Sunday, July 20, 2014

Review: The Price for Progress

Progress is a beautiful and scary thing. With progress comes new innovation and a new way of life. In This Will All Be Yours, a new musical by Laura Pederson and Charles Bloom, progress threatens the Price family farm as the old way of living is no longer profitable as a young man, with an eye for the future, attempts to buy the property all while the Price children are growing up and moving on.
In This Will All Be Yours, Adam and Paula Price hold onto their old-fashioned values and ideals as they tend to their farm along with their three adult children, Glen, Kelly, and Scott. The kids, who've grown up during a time of progress, all have ideas for their future that don't involve the family farm. Though their parents are happy to let their kids fly free, holding onto tradition is still in their hearts, despite young business man and family acquaintance Jackson Webb tries to strike a deal with Adam for the land. At the heart of the musical is the story of family.  Watching the family's love and devotion for one another is beautiful. However there is more to a musical than it's heart and intention. This Will All Be Yours is an ode to the classics, clearly inspired by the Rodgers and Hammerstein cannon as well as some more recent pieces in the similar classic style like The Light in the Piazza and The Bridges of Madison County. Like the characters in the play, progress is occurring in musical theater. The classic style musical is sadly becoming a thing of the past, making this new musical feel too old. The score by Charles Bloom lives primarily in the ballad and mid tempo world. The musical longed for something upbeat, though Jackson's "Progress" fit that bill. While the score did have some stunning numbers including Kelly's "The Sky and I" and Scott's "Being a Star", overall the music felt repetitive. The book by Laura Pederson was, almost to a fault, fully seeded with farm lingo and the like. Due to the language, the dialogue felt quite presentational and unnatural for the actors to recite, especially Amy Griffin and Josh Powell as Paula and Adam. Overall, the entire piece felt like a Disney attraction. You know, like the Carousel of Progress; the attraction tourists flock to in order to avoid the Florida heat.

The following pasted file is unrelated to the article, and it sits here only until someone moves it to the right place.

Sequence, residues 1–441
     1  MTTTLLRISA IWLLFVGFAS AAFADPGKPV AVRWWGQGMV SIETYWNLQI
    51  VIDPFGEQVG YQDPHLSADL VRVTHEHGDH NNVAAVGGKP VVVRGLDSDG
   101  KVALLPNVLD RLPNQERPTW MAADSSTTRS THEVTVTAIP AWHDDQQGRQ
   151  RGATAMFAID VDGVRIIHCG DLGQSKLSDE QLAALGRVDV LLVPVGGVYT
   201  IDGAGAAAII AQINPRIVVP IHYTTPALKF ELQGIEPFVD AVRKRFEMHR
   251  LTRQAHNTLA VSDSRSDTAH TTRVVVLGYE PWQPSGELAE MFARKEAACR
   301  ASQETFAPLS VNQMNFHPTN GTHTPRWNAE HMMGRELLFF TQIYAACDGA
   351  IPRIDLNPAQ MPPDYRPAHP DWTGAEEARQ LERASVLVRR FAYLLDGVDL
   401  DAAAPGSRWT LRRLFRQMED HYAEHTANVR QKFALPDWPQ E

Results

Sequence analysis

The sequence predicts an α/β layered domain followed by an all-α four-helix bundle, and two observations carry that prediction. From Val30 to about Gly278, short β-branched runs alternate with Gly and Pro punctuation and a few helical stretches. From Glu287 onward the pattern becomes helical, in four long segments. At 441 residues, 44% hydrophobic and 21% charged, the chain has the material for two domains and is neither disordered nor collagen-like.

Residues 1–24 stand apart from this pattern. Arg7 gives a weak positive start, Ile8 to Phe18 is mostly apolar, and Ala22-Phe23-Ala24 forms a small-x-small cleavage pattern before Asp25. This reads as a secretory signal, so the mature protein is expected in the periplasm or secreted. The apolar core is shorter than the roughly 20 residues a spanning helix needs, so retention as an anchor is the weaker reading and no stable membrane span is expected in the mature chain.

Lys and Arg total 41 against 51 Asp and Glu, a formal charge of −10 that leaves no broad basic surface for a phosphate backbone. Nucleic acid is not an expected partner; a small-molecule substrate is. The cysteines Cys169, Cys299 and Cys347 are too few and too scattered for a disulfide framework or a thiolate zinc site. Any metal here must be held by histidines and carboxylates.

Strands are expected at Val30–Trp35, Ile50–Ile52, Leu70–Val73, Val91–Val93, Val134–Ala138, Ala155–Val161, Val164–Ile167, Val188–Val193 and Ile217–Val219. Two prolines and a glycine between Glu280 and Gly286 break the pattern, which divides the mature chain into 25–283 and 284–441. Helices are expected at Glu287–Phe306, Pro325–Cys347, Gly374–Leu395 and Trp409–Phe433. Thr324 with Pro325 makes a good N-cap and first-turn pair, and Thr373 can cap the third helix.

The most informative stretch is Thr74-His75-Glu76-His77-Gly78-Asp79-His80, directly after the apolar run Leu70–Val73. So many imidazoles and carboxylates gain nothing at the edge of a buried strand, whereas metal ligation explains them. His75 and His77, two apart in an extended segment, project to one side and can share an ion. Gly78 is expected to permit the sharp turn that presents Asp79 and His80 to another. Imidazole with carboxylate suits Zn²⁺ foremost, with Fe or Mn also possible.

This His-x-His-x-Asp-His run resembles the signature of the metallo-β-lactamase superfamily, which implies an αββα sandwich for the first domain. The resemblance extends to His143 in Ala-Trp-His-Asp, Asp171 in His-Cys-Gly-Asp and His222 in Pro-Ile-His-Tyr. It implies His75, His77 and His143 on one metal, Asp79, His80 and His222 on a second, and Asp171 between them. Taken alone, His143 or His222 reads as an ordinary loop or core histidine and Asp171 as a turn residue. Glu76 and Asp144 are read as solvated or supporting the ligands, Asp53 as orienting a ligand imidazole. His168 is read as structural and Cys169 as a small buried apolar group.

photo courtesy of John Quilty
As the Price children, Jenny Rose Baker, Matt Farcher, and Daniel Rowan as Kelly, Glen, and Scott respectively, offered a pretty solid performance.  The trio had beautiful voices, Baker and Rowan's the most contemporary and pleasing.  Trevor St. John-Gilbert as the smooth talking, plaid suit wearing Jackson developed a wonderful character through his varied appearances.
Director Ludovica Villar-Hauser seemed to struggle with this musical world. While the set by Meganne George literally put a fence between the actors and audience, Villar-Hauser lacked intimacy and an invitation for the audience to enter the world. Additionally, her staging included a lot of busy work, with little progress, for the actors. George's set and costumes did evoke the appropriate feel, the disconnect was quite unfortunate. Janie Bullard's soundscape added the necessary feel and atmosphere.
For the theater goers longing for the past, This Will All Be Yours is an opportunity to relive the nostalgia. But for a musical about progress, this piece may not progress the genre.